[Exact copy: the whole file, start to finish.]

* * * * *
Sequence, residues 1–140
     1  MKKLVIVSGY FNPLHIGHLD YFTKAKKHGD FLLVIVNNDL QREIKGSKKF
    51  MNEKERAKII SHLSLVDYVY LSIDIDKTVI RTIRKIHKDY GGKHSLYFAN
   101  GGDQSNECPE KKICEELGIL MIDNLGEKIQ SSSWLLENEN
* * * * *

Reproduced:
Sequence, residues 1–140
     1  MKKLVIVSGY FNPLHIGHLD YFTKAKKHGD FLLVIVNNDL QREIKGSKKF
    51  MNEKERAKII SHLSLVDYVY LSIDIDKTVI RTIRKIHKDY GGKHSLYFAN
   101  GGDQSNECPE KKICEELGIL MIDNLGEKIQ SSSWLLENEN